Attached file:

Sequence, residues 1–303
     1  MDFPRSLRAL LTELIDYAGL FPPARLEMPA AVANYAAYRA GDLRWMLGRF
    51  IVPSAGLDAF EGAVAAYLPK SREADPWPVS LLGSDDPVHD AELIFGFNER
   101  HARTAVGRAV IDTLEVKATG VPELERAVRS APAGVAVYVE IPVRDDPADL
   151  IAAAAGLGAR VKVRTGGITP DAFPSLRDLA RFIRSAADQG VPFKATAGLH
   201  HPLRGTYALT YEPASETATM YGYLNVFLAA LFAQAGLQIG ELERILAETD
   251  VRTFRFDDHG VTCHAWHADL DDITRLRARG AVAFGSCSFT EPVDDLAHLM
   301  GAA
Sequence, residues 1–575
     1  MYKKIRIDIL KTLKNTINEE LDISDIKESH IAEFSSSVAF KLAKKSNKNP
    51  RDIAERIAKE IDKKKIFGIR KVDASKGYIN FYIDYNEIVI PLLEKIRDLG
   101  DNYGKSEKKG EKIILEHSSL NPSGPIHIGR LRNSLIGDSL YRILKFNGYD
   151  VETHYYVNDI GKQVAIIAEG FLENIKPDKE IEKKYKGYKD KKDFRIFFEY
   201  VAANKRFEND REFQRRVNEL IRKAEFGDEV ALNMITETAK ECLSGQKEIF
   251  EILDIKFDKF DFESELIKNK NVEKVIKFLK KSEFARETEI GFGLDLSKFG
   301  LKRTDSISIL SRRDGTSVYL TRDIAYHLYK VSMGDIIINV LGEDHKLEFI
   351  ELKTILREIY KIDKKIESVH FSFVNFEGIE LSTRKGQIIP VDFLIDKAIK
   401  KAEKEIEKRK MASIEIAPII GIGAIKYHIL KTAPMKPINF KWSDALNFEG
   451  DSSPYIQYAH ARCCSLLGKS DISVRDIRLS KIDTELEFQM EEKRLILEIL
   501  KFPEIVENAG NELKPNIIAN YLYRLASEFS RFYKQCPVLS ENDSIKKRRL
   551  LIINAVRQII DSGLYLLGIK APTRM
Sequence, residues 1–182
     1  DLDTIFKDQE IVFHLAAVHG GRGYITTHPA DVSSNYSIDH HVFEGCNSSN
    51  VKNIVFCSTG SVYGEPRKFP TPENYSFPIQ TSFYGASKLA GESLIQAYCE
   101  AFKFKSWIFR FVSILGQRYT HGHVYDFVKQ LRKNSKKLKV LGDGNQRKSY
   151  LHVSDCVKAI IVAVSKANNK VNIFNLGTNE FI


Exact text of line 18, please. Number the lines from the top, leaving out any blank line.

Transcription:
   401  KAEKEIEKRK MASIEIAPII GIGAIKYHIL KTAPMKPINF KWSDALNFEG